When the salty breeze blows in from the Baltic Sea, Kasper and Heidi Egelund’s house outside Copenhagen is there to catch it, just a few feet from the waterline on the other side of a small dike. The villa, made of brick and glass and cedar, is a full-time residence that seems like a beach getaway—quite a trick to pull off.
Even more surprising, the Egelunds live in this very composed space with their three young children, but there’s no chaos to be seen. When you know that Kasper is the CEO of the pace-setting, family-owned Danish design company Vipp, where Heidi also works running the HR department, it starts to make sense. The Danes are famous for their devotion to modern ideals, and modernity has at its core an element of practicality: Great modern design has to be beautiful and functional at the same time. You can’t have one without the other.
Completed two years ago after about a year of construction, the 2,800-squarefoot house is located in a quiet, friendly neighborhood called Søvang, part of the small seaside city of Dragør. It’s only a 20-minute drive to Vipp’s Copenhagen HQ for the Egelunds, who both make the short commute.
The house is composed of a series of simple geometric volumes aimed at maximizing water views. The first floor holds a big, open kitchen and dining space, a family room/library off to the side, and three small bedrooms for the children, plus a bathroom. Up a flight of floating black stairs, the second floor is just for adults, with a master bedroom fronted by a picture window looking out at the sea and a skylighted bathroom. A private balcony completes the feeling of staying at a very well-designed hotel.
“The whole idea was to create a beach house, very open, a place where you don’t have to take off your shoes,” says Kasper, in the midst of throwing together a small lunch of local vegetables, cheese, and bread with Heidi on a bright summer day. “It’s easy to live here.”
But, of course, such seeming ease can be complicated to create, and so the Egelunds, both 43, hired not one but two top architects to design the home—one for the exterior and one for the interior.
Architect Mads Lund chose a limited palette of all-natural materials for the primary architecture. As he puts it, “Every choice takes its point of departure in function.” The facade, facing the road, is largely clad in long, gray Kolumba bricks from the Danish company Pedersen—it presents a stable, solid face to the community. On the sea side, it’s clad in cedar planks, facing the elements with a hearty, traditional material that can weather over time. Large walls of windows face the sea to the back and a yard to the side, both opening onto cedar patios.
The restrained interior design was the province of the man Kasper calls a “rising star,” David Thulstrup, most famous for collaborating with Danish architect Bjarke Ingels on the recent revamp of the acclaimed restaurant Noma. Kasper hired the architect to create the Vipp loft, a special space above the company’s offices in Copenhagen that guests can book to experience the brand and design in an immersive way. “After seeing his work at the Vipp hotel, there was no doubt that David needed to do his magic in our private home. His style and visions are impeccable.”
Thulstrup chose raw concrete floors and, behind the staircase, a two-story, floor-to-ceiling wall of tidy wood strips. “The black metal staircase is inspired by the fundamental Vipp design language and stands in a contrast to the adjacent wood-cladded wall,” says Thulstrup.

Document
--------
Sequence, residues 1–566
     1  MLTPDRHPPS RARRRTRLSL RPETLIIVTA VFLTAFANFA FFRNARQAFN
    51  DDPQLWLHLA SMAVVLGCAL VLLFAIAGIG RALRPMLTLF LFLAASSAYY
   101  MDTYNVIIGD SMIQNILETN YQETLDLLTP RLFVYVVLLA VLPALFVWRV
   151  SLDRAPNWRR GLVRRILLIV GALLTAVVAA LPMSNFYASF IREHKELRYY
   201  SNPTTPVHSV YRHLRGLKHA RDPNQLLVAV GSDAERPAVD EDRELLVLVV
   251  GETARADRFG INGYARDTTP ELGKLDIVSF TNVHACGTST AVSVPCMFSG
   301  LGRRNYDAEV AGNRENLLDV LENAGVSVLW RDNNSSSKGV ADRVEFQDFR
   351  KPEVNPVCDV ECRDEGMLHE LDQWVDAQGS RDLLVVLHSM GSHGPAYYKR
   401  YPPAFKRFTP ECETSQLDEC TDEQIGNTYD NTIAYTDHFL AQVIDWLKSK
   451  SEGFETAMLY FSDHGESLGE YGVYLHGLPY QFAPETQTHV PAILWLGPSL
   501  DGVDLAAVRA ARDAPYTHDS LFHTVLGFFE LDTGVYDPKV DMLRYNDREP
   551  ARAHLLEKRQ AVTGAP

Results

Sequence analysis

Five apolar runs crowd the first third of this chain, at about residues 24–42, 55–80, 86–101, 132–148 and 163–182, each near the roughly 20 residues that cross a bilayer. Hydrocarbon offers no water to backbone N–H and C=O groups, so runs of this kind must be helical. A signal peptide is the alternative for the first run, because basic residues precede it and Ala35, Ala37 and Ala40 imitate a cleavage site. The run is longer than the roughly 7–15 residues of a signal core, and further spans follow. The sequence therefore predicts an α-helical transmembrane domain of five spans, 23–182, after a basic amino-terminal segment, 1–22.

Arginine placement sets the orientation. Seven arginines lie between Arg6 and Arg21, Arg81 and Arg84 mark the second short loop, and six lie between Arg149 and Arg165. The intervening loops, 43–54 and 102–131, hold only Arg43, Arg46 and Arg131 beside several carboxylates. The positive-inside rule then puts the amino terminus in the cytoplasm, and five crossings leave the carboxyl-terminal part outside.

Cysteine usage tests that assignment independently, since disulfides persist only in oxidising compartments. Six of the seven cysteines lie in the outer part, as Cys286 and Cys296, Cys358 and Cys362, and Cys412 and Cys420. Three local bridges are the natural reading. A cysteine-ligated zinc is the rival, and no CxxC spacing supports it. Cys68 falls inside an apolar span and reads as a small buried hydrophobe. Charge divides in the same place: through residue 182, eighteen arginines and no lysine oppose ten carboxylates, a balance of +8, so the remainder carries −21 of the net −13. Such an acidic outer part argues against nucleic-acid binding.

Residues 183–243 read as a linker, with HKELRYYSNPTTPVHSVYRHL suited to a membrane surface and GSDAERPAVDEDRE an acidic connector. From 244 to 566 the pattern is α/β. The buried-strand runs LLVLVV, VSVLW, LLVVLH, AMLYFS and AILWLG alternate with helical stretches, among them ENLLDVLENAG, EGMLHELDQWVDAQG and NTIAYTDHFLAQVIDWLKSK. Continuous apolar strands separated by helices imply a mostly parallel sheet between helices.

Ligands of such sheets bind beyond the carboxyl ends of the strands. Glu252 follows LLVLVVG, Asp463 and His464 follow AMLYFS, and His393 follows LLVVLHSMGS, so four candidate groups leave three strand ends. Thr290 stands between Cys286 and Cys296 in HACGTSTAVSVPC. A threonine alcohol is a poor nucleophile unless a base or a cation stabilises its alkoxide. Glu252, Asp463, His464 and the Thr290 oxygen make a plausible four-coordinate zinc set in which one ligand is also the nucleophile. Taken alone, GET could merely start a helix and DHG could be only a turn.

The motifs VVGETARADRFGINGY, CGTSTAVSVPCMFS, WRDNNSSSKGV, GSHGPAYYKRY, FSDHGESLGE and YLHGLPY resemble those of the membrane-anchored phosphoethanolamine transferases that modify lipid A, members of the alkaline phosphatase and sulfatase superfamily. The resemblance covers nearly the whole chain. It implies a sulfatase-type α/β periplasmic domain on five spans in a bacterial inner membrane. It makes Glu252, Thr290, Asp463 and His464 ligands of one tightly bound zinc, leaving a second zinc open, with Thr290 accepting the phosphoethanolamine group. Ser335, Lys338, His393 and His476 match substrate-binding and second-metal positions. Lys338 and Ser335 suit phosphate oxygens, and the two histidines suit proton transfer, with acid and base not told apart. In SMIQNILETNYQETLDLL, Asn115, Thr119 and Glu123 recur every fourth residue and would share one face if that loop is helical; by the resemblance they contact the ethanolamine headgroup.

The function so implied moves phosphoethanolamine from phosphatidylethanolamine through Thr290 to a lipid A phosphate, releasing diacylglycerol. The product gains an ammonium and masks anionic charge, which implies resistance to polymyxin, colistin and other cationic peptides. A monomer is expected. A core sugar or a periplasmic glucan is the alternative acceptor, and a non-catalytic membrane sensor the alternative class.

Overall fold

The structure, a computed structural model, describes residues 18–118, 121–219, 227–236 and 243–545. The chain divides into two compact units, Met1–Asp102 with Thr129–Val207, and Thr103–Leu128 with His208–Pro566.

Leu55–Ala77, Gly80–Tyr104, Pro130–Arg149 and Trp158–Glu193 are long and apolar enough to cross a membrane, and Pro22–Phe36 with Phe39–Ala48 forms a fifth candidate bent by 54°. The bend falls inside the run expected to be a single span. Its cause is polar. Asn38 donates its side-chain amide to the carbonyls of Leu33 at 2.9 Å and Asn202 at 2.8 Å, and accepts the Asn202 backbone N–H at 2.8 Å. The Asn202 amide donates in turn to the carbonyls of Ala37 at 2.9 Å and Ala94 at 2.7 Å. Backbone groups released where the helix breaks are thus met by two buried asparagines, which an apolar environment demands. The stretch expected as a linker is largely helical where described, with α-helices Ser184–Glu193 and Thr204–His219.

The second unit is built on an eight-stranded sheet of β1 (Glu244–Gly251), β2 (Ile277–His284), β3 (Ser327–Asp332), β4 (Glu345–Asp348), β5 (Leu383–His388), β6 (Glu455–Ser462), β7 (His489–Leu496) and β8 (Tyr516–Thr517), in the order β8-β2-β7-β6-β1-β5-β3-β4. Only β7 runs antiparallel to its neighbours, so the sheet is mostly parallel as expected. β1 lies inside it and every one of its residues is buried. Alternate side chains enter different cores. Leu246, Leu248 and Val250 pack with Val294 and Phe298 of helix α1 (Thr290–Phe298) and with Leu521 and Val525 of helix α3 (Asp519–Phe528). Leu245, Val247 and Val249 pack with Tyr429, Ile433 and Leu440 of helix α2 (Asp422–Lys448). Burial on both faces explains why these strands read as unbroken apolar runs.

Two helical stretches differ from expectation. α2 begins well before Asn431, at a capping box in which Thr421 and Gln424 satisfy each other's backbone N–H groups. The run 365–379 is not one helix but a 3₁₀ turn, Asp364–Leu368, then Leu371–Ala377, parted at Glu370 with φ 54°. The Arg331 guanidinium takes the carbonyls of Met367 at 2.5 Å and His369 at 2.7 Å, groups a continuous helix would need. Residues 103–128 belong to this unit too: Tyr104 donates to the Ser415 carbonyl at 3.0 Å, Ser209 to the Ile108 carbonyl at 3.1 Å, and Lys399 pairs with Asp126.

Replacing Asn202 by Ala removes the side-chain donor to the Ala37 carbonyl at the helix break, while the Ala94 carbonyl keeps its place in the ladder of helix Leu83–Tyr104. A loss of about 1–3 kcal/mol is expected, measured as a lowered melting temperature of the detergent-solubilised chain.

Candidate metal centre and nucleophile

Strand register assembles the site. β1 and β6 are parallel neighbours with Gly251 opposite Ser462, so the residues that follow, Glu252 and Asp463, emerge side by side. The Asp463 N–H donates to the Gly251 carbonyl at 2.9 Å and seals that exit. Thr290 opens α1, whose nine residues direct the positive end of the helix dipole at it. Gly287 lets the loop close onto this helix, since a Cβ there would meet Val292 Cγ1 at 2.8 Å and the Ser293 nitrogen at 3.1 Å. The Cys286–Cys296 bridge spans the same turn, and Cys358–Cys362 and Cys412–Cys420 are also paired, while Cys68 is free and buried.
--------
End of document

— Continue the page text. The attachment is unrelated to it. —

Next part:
Why hire two architects when just one of them could have probably fielded both duties? “They are not specialized enough,” says Kasper. “It’s asking your brain surgeon to operate on your foot.” Seeking out both Lund and Thulstrup created the ideal design collaboration that was “all in all a smooth process where we got the best expertise from both worlds.”
The endorsement of specialization makes sense, since Vipp does a few things very well—in the States, it is best known for its brilliantly clean-lined kitchens, its prefab houses, and, amazingly, its trash cans. In fact, Vipp’s iconic, pedal-operated trash can—now in the collection of the Museum of Modern Art—is where the company started, when Kasper’s grandfather, Holger Nielsen, created it for his wife’s hairdressing salon. “My grandfather left us with an amazing heritage and values,” says Kasper, the third generation to run the company; he now owns a third of it, as does his New York–based sister, Sofie, and his mother, Jette. The company is committed to what he calls “functional, genuine, but still elegant” design.
Certainly, there’s no better showroom for Vipp’s aesthetic than the Egelunds’ own house. The matte-black powder-coated kitchen cabinets and drawer-filled island are classic Vipp in that they boast the chicly sturdy look the company has as its signature. Lunch is served on white plates, shaped like two merged circles, from the Vipp ceramics line. Naturally, trash cans come from the company, too, but one of the children’s bins has a bit of extra flair: It’s covered in colorful polka dots, the result of a limited-edition collaboration with the artist Damien Hirst. It’s a demonstration of how Vipp turned itself from a lesser-known niche company into a small but influential global design player.
The living room’s large green velvet sofa—the one moment of saturated color—is from modern Danish brand Hay (Vipp doesn’t make upholstered furniture), and the lights over the dining table are George Nelson’s classic Bubble lamps for Herman Miller. The Egelunds will source from anywhere, as long as the aesthetic is consistent with how they want to live: simply, elegantly.
“Architecture is so powerful,” says Kasper. “Good design can change everything.”